After thirty years of teaching a university course in something called advanced prose style, my accumulated wisdom on the subject, inspissated into a single thought, is that writing cannot be taught, though it can be learned—and that, friends, is the sound of one hand clapping. A. J. Liebling offers a complementary view, more concise and stripped of paradox, which runs: “The only way to write is well, and how you do it is your own damn business.”
PUBLISHED: June 15, 2011
LENGTH: 13 minutes (3422 words)
For Army Spc. Brushaun Anderson, there was no escaping his torment. The senior noncommissioned officers who ruled his life at a remote patrol base in Iraq ordered him to wear a plastic trash bag because they said he was “dirty.” They forced him to perform excessive physical exercises in his body armor over and over again. They made him build a sandbag wall that served no military purpose. Anderson seemed to take it all in stride. Until New Year’s Day 2010, when the once-eager 20-year-old soldier locked himself inside a portable toilet, picked up his M4 rifle, aimed the barrel at his forehead and pulled the trigger.
PUBLISHED: June 7, 2011
LENGTH: 16 minutes (4232 words)
"[Reagan] just stood up and he looked around the room, almost like he was doing a headcount, and he said, 'I wanted to thank you for bringing E.T. to the White House. We really enjoyed your movie,' and then he looked around the room and said, 'And there are a number of people in this room who know that everything on that screen is absolutely true.' And he said it without smiling! But he said that and everybody laughed, by the way. The whole room laughed because he presented it like a joke, but he wasn’t smiling as he said it."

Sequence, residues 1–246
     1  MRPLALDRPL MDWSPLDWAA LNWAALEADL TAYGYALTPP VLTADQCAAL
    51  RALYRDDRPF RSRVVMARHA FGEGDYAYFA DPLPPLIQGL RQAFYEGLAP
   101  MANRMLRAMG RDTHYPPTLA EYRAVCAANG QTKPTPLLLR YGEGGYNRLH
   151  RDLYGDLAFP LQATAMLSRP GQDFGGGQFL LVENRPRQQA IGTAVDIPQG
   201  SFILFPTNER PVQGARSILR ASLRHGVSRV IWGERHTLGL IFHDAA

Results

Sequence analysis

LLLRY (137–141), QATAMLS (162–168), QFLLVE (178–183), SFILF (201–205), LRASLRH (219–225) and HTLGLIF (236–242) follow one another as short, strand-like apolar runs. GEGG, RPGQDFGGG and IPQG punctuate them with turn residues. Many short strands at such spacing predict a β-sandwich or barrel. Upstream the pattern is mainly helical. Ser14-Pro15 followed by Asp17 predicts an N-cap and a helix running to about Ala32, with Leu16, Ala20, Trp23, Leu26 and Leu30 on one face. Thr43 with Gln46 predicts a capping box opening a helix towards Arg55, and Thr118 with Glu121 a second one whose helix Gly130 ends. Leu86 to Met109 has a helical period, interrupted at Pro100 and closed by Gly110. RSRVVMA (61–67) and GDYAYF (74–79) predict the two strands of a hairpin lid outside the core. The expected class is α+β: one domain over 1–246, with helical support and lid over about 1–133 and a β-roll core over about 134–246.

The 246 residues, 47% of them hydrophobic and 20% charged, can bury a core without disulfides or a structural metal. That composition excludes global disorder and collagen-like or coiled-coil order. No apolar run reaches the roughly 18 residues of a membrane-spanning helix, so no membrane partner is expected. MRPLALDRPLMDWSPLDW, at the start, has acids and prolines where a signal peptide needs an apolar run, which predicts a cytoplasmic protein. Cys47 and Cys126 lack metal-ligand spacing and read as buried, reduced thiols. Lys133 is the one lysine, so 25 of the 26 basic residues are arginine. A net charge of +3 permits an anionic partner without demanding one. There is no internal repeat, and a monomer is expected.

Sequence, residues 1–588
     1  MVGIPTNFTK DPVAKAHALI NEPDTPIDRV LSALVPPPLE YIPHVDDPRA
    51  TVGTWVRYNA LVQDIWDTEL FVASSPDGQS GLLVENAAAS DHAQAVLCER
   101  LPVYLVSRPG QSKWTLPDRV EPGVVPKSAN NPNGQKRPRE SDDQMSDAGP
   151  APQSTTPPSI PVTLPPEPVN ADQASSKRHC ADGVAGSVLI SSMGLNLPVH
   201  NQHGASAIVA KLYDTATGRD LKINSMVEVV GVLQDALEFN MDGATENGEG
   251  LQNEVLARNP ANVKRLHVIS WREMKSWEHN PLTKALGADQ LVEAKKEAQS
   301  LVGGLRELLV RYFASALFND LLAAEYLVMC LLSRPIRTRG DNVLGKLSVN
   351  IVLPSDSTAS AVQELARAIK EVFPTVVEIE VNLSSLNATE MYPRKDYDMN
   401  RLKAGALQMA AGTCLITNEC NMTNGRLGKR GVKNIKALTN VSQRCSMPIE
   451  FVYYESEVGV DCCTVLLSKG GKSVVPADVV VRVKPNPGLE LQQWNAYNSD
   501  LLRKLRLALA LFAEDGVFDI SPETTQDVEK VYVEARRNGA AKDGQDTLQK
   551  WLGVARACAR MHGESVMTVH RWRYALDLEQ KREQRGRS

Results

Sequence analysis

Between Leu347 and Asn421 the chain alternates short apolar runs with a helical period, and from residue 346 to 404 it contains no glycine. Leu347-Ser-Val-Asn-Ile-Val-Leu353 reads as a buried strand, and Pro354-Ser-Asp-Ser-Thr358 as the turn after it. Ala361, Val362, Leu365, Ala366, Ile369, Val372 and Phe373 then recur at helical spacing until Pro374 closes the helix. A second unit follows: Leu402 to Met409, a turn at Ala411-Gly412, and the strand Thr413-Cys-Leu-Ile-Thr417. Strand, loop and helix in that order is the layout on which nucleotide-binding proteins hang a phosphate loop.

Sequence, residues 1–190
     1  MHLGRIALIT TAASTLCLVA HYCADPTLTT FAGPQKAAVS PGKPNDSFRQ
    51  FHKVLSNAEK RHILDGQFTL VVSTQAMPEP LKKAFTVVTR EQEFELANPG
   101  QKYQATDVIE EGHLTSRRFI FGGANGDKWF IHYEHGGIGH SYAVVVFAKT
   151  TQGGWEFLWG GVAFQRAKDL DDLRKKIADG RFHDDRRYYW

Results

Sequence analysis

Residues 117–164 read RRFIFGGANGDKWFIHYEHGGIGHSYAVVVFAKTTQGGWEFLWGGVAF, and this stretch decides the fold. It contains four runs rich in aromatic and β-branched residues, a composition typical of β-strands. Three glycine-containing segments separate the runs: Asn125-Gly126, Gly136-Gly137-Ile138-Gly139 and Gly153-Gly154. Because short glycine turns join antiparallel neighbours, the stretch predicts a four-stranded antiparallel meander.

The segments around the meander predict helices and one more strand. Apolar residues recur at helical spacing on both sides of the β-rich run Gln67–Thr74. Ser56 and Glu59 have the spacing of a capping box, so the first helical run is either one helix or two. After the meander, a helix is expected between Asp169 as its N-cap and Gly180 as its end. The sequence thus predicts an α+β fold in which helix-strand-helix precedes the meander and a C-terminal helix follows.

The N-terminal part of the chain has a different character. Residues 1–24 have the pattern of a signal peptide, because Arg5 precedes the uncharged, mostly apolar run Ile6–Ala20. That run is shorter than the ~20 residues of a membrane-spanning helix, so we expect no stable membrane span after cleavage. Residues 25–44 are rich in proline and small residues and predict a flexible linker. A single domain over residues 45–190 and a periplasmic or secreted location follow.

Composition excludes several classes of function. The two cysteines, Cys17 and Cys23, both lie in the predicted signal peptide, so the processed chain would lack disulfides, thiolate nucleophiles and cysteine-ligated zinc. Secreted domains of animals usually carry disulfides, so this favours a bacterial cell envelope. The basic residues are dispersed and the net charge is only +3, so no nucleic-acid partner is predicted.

SOURCE:Ain't It Cool News
PUBLISHED: June 7, 2011
LENGTH: 28 minutes (7030 words)
4. The Man Who Played RockefellerMark Seal | Wall Street Journal | May 26, 2011 | 22 minutes (5,592 words)How could so many intelligent people get conned by the same person? An excerpt from Seal's…
Apocalypse comes to us from the Greek apocalypsis, meaning to uncover and unveil. Now, as James Berger reminds us in After the End, apocalypse has three meanings. First, it is the actual imagined end of the world, whether in Revelations or in Hollywood blockbusters. Second, it comprises the catastrophes, personal or historical, that are said to resemble that imagined final ending—the Chernobyl meltdown or the Holocaust or the March 11 earthquake and tsunami in Japan that killed thousands and critically damaged a nuclear power plant in Fukushima. Finally, it is a disruptive event that provokes revelation.